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(Argumentum) ad Hominem

Latin for: "(argument) against the person". Refers to an unfair attack on the person presenting an argument; This stands in contrast to a factual argument (ad res/rem), which is directed against the argument itself.

In most circumstances, such ad hominem attacks are considered unobjective and unfair (for exceptions, see below).

Ad hominem-attacks usually serve as red herrings, i.e. rhetorical devices intended to distract from the actual topic of discussion.

Other names

  • Personal attack
  • Argument against the person

Note: the Latin word “homo” (with accusative singular “hominem”) also means “man”, but it can equally be trans­lated as “human being” or – especially in this context – as “person”. As it is used here, it does not imply the gender of the person being at­tacked (for more on this, see  Ety­mo­logi­cal fallacy).

For situations in which the gender of the person being at­tacked is rele­vant to the anal­ysis of the ar­gu­ment, the more spe­ci­fic terms “(Argu­mentum) ad Femi­nam” and “(Argu­mentum) ad Vir­um” may be more appropriate.


In a factual discourse, one should talk about the matter at hand, not about the people presenting a position. In fact, to evaluate an argument, in most cases (exceptions see below) the person presenting it is entirely irrelevant.

Therefore, anyone who tries to discredit a position by attacking the person himself is arguing, quite literally, unobjectively.


As a matter of principle, ad hominem-arguments should be regarded as unfair rhetorical devices, since they do not contribute to a factual discussion distract from the matter that is discussed. There are certain circumstances, however, where this is not universally true. I.e. there are subject areas or specific arguments against the person, which an attack on the person may be justified.

The person as part of the argument

There are situations in which the persons presenting an argument can be (directly or indirectly) the subject of the discussion; For example, when the credibility of a witness is at issue, or the expertise of an expert, or even the suitability of character for a task (such as for political office).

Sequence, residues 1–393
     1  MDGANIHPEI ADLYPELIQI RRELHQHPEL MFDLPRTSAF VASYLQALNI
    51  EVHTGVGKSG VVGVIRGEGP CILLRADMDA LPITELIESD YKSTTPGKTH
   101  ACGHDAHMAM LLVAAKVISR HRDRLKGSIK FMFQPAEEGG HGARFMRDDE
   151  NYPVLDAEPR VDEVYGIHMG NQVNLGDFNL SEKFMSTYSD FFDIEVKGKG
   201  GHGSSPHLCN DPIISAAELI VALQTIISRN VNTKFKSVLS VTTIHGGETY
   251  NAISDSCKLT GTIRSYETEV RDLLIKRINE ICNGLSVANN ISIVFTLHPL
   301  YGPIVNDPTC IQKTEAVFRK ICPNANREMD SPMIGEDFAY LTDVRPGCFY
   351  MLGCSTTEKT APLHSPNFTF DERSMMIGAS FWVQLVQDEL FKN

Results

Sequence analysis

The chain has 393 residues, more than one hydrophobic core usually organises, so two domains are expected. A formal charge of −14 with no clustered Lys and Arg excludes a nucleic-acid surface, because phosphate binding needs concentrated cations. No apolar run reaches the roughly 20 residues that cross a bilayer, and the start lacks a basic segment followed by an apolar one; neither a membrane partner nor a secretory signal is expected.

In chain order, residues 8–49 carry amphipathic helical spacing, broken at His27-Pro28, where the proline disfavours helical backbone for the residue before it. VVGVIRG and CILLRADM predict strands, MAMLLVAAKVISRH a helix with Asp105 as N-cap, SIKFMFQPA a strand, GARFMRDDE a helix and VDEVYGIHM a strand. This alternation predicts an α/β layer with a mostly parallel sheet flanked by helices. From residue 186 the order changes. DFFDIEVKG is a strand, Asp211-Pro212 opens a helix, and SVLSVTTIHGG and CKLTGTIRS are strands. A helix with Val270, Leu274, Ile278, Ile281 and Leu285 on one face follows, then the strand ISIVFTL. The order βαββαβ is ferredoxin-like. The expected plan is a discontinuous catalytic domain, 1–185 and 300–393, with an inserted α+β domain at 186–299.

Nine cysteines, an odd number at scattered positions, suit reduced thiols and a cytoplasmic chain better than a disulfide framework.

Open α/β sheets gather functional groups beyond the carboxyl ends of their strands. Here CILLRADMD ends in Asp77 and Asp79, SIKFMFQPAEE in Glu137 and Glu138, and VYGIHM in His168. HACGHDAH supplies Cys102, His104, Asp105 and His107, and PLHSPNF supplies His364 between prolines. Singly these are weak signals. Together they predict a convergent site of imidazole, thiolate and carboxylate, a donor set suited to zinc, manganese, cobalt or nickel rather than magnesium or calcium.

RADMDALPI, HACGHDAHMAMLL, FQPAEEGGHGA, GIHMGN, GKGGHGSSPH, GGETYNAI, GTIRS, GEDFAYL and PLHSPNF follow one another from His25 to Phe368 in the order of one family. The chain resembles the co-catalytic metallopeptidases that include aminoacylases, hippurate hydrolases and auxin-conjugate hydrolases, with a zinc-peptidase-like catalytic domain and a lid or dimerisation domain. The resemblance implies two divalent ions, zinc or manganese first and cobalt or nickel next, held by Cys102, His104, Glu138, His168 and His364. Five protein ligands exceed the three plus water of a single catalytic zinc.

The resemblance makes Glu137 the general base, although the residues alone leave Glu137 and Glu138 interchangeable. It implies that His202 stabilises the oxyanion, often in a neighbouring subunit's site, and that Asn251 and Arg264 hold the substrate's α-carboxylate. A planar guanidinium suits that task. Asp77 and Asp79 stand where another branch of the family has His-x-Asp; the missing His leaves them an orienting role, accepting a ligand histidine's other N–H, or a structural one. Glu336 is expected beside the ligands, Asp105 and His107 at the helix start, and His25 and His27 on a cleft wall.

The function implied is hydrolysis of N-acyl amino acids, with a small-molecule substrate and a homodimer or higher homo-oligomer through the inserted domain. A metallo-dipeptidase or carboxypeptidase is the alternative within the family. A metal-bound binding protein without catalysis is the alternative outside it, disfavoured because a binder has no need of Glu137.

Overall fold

In such cases, an argument against the person may be a justifiable means of discussion: showing that the witness has lied in the past, or that an “expert” does not actually have the qualifications he claims to have in the first place is relevant to the discussion in this case.

But even in these circumstances, there can be no carte blanche for arbitrary personal attacks: Any objection to the person must always be factual, pertinent to the topic, and of course fair and proportional. Under no circumstances are insults, insinuations or unsubstantiated allegations (e.g. rumors) an appropriate means of fair discourse.


One can also frequently encounter persons who seem to perceive any form of contradiction against their views or positions as a personal attack and thus try to reject arbitrary arguments as ad hominem and thus unfair.

This especially concerns views that touch fundamental ideological principles – especially religious or sometimes political principles – which seem to be regarded by many as part of their personality. This should be reason enough to approach such topics with a little more sense of diplomacy. However, this is by no means a justification for anyone to feel personally attacked if they experiences factual (!) contradiction.

In other words, even if one feels a position or a worldview as part of one’s own personality and feels provoked (or as it is nowadays often called: “triggered”) by contradiction, factual contradiction is nevertheless fundamentally valid and not an ad hominem-attack.

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